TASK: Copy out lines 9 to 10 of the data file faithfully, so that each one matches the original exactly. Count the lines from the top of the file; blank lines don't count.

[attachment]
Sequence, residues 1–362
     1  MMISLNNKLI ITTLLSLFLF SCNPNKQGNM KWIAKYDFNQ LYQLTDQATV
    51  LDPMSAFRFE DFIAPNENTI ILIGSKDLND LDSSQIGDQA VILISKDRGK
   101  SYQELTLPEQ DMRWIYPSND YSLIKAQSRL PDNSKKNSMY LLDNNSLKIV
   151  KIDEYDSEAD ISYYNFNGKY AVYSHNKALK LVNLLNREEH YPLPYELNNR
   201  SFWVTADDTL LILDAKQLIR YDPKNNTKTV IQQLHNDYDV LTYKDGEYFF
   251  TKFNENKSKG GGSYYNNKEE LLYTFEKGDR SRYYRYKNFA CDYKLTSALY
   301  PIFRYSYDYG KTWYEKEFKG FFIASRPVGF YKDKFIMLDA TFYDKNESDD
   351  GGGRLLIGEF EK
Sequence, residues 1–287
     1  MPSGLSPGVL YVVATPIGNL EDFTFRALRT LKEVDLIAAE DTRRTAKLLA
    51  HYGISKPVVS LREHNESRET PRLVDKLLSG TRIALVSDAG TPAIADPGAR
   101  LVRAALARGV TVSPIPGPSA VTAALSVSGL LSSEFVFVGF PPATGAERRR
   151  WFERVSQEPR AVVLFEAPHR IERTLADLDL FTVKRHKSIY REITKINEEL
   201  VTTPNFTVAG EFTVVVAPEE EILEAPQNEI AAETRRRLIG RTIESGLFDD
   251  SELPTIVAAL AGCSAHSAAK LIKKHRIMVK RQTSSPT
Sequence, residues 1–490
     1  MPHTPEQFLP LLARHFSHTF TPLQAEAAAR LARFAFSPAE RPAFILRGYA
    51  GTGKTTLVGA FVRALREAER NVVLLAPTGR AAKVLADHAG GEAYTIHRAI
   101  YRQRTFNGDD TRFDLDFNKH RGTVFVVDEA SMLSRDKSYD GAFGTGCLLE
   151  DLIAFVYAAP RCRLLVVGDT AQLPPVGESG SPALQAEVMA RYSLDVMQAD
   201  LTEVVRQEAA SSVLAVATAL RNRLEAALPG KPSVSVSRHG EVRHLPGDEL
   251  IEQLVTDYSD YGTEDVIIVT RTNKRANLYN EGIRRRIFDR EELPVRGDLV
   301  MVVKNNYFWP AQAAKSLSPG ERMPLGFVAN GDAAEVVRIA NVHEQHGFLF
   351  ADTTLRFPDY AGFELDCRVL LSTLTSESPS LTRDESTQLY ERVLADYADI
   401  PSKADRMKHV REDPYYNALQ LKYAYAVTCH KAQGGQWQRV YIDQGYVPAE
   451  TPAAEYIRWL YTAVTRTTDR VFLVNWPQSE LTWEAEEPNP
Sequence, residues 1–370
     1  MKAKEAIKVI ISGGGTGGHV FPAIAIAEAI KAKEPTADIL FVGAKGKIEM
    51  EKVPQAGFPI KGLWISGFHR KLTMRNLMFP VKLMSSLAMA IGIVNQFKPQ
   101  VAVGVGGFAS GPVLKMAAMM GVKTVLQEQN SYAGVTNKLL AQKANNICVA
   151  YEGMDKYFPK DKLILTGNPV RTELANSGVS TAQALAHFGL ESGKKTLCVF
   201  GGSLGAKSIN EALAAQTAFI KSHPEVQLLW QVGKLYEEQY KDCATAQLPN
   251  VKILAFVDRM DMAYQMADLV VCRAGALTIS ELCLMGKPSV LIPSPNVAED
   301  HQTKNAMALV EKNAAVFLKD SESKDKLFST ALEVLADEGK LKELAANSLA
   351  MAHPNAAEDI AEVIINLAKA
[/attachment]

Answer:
   351  GGGRLLIGEF EK
Sequence, residues 1–287